As children inch closer to adulthood, they tend to want to challenge authority or push boundaries to see how much they can get away with. It's during this time that teens are most prone to commiting criminal acts that may land them in hot water, impacting their lives indefinitely in the future.
While you may have been led to believe that any juvenile convictions that your child has will seamlessly fade away the moment they turned 18, this won't automatically occur. The sealing, or expungement, of juvenile records is not done automatically. Instead, the court must be formally petitioned. Then, the court can order that juvenile records be sealed or expunged.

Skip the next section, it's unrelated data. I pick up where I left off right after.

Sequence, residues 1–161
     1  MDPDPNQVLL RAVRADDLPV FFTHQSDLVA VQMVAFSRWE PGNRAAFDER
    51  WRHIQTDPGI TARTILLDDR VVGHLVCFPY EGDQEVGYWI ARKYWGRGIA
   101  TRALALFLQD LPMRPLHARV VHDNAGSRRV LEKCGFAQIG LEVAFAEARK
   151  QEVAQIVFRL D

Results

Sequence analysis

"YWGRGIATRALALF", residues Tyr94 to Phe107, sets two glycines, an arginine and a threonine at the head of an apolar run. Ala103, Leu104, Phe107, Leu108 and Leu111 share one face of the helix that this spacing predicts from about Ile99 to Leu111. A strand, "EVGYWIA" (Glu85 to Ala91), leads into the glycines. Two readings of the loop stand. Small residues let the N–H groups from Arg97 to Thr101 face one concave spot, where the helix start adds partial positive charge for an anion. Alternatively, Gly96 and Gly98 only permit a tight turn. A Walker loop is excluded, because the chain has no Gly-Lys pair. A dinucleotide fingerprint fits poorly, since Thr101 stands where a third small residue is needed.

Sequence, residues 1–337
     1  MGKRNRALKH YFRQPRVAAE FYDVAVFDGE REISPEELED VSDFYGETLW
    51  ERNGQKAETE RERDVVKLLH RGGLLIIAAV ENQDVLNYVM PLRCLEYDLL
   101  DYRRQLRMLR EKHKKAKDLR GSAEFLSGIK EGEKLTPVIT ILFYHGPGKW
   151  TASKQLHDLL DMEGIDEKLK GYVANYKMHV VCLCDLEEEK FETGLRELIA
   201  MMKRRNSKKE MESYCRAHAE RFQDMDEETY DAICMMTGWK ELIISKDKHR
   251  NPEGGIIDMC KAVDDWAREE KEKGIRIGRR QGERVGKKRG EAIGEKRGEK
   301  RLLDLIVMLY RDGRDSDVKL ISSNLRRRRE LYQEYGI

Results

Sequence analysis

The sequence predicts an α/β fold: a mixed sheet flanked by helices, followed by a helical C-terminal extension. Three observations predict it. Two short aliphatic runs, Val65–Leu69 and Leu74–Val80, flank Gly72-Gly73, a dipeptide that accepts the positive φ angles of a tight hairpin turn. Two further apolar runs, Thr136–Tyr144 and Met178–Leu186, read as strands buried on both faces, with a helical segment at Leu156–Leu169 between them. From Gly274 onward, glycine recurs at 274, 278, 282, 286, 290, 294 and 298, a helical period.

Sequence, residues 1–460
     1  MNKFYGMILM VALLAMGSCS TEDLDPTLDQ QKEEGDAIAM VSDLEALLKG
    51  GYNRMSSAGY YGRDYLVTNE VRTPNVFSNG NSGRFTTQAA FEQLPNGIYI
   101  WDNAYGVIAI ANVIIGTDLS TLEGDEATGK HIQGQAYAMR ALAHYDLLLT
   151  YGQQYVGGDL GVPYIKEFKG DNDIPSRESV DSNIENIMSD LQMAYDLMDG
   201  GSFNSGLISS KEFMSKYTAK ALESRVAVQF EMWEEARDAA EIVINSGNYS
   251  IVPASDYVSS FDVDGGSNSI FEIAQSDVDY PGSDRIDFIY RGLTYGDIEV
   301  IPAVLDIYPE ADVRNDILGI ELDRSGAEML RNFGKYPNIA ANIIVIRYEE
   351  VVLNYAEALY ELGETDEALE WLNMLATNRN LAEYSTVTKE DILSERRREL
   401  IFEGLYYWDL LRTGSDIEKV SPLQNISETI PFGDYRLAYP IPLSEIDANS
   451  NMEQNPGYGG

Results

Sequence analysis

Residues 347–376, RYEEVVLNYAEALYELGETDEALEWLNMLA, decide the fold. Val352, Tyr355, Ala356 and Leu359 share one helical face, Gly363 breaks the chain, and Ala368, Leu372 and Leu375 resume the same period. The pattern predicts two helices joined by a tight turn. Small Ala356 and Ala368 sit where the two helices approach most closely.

Unless this is timely done, it's likely that any teens with juvenile convictions will be required to disclose them on any college, professional licensure, job or financial aid applications or military forms until the expungement order gets signed and filed. It's only once they're sealed that those with juvenile records will be able to lawfully answer on applications "no" when asked if they have any prior convictions.
When it comes to sealing or expunging your child's criminal records, it's ultimately left to up to the discretion of the judge to make a decision. It's likely that a judge will weigh the seriousness of the crime your son or daughter committed in deciding whether he or she will have to disclose their criminal record in the future.
If your child has been arrested for a crime, it's important that you not count on him or her having the criminal record expunged later. Instead, it's important that you learn about your child's rights in his or her case when deciding how to proceed with a defense or guilty plea.
Source: GirlsHealth.gov, "The truth about having a juvenile record," accessed May 23, 2018